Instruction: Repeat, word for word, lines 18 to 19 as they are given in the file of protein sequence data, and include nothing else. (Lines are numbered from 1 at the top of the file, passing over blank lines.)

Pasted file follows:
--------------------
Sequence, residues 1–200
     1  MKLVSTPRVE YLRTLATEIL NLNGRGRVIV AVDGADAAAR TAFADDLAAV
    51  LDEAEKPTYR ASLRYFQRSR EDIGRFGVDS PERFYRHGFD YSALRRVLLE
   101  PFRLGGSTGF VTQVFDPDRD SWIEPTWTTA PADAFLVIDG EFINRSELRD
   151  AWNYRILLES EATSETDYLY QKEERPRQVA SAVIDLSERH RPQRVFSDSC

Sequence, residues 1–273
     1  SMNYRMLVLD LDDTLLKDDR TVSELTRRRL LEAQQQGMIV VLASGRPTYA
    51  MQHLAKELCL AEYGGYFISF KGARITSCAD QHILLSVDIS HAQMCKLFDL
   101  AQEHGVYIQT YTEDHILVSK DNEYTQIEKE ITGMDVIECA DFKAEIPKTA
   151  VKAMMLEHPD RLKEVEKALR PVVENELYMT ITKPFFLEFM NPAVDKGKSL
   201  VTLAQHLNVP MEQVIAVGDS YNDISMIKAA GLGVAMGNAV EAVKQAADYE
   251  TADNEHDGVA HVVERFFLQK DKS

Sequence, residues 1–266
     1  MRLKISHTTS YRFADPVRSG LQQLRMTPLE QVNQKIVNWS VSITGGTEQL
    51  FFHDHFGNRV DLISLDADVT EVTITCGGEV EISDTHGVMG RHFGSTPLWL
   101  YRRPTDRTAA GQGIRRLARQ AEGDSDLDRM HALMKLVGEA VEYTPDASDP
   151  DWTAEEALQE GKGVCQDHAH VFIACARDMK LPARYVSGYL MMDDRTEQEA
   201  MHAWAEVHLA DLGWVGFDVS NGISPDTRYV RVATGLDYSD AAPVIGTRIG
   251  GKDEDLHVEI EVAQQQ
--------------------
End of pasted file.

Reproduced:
   201  MHAWAEVHLA DLGWVGFDVS NGISPDTRYV RVATGLDYSD AAPVIGTRIG
   251  GKDEDLHVEI EVAQQQ